After downsizing during the worst of the pandemic, airlines across the board have been stretching themselves thin to fly as many passengers as possible … without enough wiggle room to recover when things go wrong. Throw a storm, an IT hiccup, air traffic control woes, or something else unexpected into the mix, and an airline could fall apart.
Here's the good news: With any luck, it'll be better than last summer, when travelers couldn't go more than a week without seeing headlines of mass delays and cancellations. It was a reckoning for the entire industry, forcing airlines to scale back their schedules while also ramping up hiring to get back to (and then surpass) their 2019 employment levels.
Yes, Delta is delaying and canceling flights once again as summer draws near. The Atlanta-based airline has been struggling throughout much of March and into April, regularly canceling up to 100 flights or more each day. While you can't call that a meltdown, it's troubling for an airline that would previously go months without a single cancellation.
So what's an anxious traveler to do this summer?
Book your flight for as early in the day as you can! Data clearly shows that the longer the day goes on, the more likely flights will be delayed or canceled
Monitor FlightAware's daily dashboard of cancellations. If your airline winds up canceling hundreds of flights on Monday, it's a safe bet that problems will spill into Tuesday
Use apps like Flighty to get up-to-the-second updates on what's going on with your flight day of
Ready to call it quits after a cancellation? Airlines owe you a full refund if they cancel or significantly delay your flight – not just a credit or voucher
Fewer Flights to New York & D.C.
New York, we have a problem. The same goes for you, Washington, D.C.
Citing air traffic control woes at some of the country's busiest airports, federal regulators are encouraging airlines to reduce their flights into the three major New York-area airports and Washington, D.C.-Reagan (DCA) from May 15 through Sept. 15. The Federal Aviation Administration (FAA) is waiving some of the usual requirements for takeoff and landing frequencies at some of these prized airports in the name of reducing congestion and keeping flights running on time.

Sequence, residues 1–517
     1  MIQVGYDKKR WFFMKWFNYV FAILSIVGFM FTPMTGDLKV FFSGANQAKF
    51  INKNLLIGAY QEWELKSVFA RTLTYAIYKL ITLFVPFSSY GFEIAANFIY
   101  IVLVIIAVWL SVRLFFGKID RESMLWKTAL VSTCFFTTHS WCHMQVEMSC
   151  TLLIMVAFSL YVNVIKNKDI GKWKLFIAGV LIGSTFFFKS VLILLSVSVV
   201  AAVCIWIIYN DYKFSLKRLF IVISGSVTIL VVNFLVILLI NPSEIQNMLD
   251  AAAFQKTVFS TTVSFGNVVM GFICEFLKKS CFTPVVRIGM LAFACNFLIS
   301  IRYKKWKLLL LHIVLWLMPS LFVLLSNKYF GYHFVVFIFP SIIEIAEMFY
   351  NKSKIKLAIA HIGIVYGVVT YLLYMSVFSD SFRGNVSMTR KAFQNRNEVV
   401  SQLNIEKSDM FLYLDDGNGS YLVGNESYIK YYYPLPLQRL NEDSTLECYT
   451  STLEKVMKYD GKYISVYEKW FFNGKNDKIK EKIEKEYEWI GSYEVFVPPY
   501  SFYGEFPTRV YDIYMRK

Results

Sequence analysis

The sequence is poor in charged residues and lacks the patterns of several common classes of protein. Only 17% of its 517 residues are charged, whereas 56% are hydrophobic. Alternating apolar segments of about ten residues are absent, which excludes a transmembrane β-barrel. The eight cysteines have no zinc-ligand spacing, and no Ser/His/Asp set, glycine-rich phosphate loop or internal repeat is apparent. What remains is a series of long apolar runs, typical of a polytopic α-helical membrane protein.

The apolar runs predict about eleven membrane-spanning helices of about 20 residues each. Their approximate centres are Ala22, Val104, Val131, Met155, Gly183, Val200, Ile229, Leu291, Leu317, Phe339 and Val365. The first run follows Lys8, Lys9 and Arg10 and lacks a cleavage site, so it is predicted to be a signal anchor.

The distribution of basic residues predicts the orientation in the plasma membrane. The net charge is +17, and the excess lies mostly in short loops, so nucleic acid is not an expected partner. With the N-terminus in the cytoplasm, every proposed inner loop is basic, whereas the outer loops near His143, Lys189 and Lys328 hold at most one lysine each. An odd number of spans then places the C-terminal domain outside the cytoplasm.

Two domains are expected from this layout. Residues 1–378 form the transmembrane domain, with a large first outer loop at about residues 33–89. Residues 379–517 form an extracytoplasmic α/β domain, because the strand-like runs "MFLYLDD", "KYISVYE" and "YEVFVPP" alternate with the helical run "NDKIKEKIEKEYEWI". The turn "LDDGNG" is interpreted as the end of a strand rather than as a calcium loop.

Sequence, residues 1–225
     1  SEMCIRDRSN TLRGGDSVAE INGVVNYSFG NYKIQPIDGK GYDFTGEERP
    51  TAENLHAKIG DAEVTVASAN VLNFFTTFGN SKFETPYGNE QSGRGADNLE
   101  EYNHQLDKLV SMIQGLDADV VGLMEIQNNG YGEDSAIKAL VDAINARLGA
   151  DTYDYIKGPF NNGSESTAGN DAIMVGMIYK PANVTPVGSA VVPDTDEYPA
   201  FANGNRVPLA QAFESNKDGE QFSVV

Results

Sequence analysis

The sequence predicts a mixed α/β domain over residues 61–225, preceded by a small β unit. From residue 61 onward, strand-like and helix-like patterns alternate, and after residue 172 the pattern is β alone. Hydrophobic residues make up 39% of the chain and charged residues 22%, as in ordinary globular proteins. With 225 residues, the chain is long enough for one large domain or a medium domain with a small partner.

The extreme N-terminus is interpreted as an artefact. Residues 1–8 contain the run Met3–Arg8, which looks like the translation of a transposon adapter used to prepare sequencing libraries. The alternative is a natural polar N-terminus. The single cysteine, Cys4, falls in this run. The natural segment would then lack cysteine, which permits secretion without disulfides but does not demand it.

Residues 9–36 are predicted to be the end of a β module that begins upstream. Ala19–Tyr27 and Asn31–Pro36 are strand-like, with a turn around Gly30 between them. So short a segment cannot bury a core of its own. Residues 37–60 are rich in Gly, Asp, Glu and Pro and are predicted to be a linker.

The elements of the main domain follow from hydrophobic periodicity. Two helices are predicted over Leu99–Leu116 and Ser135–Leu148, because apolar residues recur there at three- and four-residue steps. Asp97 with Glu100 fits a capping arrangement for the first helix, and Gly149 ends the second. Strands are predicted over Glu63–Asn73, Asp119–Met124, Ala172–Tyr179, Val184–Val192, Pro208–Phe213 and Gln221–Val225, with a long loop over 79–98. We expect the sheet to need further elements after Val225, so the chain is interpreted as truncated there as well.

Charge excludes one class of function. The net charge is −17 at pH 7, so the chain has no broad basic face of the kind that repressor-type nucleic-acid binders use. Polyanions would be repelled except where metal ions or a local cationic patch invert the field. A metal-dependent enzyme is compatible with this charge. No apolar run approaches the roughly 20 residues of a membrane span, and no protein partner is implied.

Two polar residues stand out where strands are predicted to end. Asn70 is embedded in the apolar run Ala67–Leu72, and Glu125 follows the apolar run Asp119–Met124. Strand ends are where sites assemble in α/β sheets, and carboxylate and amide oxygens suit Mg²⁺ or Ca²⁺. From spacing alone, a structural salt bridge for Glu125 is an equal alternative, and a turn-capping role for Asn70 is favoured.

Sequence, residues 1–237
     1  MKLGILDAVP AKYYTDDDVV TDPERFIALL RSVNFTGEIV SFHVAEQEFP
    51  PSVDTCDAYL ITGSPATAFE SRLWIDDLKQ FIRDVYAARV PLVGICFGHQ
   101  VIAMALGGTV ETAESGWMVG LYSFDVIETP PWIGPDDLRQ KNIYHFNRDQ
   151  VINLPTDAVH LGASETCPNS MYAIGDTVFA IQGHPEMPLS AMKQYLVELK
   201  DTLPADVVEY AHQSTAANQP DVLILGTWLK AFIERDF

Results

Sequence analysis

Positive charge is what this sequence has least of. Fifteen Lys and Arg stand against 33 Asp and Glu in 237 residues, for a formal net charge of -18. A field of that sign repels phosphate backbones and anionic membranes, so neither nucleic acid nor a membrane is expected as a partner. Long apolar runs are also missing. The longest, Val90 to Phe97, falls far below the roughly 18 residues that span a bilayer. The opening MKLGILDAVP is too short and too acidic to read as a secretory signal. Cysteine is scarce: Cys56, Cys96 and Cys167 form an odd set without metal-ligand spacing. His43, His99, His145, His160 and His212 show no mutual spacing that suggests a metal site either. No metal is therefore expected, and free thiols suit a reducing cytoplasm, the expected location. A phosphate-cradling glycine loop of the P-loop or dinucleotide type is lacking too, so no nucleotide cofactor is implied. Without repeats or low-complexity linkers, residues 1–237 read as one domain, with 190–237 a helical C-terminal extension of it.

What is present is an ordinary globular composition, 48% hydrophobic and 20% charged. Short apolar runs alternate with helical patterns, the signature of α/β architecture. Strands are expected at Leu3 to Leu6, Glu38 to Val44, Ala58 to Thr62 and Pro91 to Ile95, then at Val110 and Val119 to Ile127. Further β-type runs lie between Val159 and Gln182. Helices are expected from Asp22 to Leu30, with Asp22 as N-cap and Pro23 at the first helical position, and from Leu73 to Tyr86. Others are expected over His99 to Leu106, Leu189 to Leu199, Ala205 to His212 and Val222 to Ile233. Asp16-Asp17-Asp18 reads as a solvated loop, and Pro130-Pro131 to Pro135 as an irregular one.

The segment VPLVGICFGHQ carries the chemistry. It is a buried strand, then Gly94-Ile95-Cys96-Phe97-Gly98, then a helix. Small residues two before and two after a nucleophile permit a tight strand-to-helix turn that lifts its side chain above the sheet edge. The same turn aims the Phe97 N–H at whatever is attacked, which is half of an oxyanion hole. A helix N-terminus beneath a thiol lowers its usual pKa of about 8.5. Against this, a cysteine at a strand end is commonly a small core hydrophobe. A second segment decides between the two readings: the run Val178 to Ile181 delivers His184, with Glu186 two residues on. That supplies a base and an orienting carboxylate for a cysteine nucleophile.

Airlines are taking the hint. United announced last week it would cut daily flights out of its Newark (EWR) on peak days from 438 departures to 408 while also slashing daily flights between Newark and Washington, D.C., and other routes. American and Delta are planning to make similar reductions to their summer schedules in and out of New York while JetBlue has vowed it'll do the same to make the air travel system “workable this summer.”
That means travelers may not have their usual pick of the litter among once-an-hour departures to some of the country's biggest and busiest cities. But fewer flights don't necessarily mean fewer seats flying in and out of New York or Washington, D.C. – or higher fares as a result.
United said it plans to operate the routes seeing reductions with larger planes, flying 5% more seats than it did in summer 2019 even with fewer daily flights. Other airlines could do the same.
Summer 2023 is going to be a big one, travelers.
Americans are itching to get back out there, and the world is wide-open for travel for the first summer in more than three years. But with that surging travel demand will come some of the same issues we travelers have been grappling with for years.